In the book, Dead Men Do Tell Tales, by William R. Maples, Ph.D. and Michael Browning, a story is told in how the dead, no matter how dead, still “talk” to us. The book is appropriately titled because, according to Dr. Maples, truth is discoverable, truth wants to be discovered (2). Dr. Maples tells us of what it is like to be a Forensic Anthropologist. Dr. Maples does not hold anything back in any of his descriptions, from the smell of corpses to the explanations of maggots.
Dead Men Do Tell Tales is a complete engrossing journey into the world of Forensic Anthropology and the science of bones. The book is well organized and easy to follow. The story is not from some published medical work containing lengthy medical terminology. The book is best described as the story of Dr. Maples career and interesting encounters it entailed. The book is a total of 292 pages. The book is organized into 16 chapters, each appropriately titled for the subject and stories that it contains. One could only wish that all story tellers could be as good as Dr. Maples.
The first chapter, “Every Day Is Halloween”, gives a preview of the book and talks about the nightmares that he seldom has. “They are usually flitting images of the everyday things I see on the job: crushed and perforated skulls, lopped-off limbs and severed heads, roasted and dissolving corpses, hanks of human hair and heaps of white bones – all in a day’s work at my office” (1). In this part of the book, we learn of Dr. Maples' life and how it came to include the fascinating world of anthropology. It is in this chapter that Dr. Maples proves his credibility that he knows what he is talking about. He tells of his upbringing with strict moral val...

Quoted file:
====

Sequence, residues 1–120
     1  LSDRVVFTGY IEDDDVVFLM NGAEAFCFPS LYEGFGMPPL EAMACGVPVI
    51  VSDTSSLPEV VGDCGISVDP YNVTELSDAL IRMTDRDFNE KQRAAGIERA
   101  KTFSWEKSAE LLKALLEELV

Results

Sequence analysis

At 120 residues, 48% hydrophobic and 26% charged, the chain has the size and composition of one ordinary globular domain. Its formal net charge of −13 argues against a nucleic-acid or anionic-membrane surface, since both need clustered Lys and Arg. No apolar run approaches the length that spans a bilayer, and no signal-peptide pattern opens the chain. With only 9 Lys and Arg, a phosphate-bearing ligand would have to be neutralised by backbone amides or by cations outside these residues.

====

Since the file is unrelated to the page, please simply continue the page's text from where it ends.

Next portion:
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...anything. I think that the book is so fasinating cause he doesn’t try to put a rated “R” subject into a “PG-13” book, after all we live in a rated “R” world, whether we like it or not. He helps to illustrate his world in all different varieties, I believe that is why the chapters were broken down the way there were.
Dr. Maples includes so many fascinating experiences and resolutions to his investigations that even I was able to stay interested to the last page. The class helped out a lot in reading this book because I was able to easily follow his explanations of the skeleton, from differences between male and female skeletons, the different bones that were being talked about, the dental records, and a lot about the skull, like skull features, cranial sutures, and orbital features. I only wish all school books assigned could be as interesting as this one.
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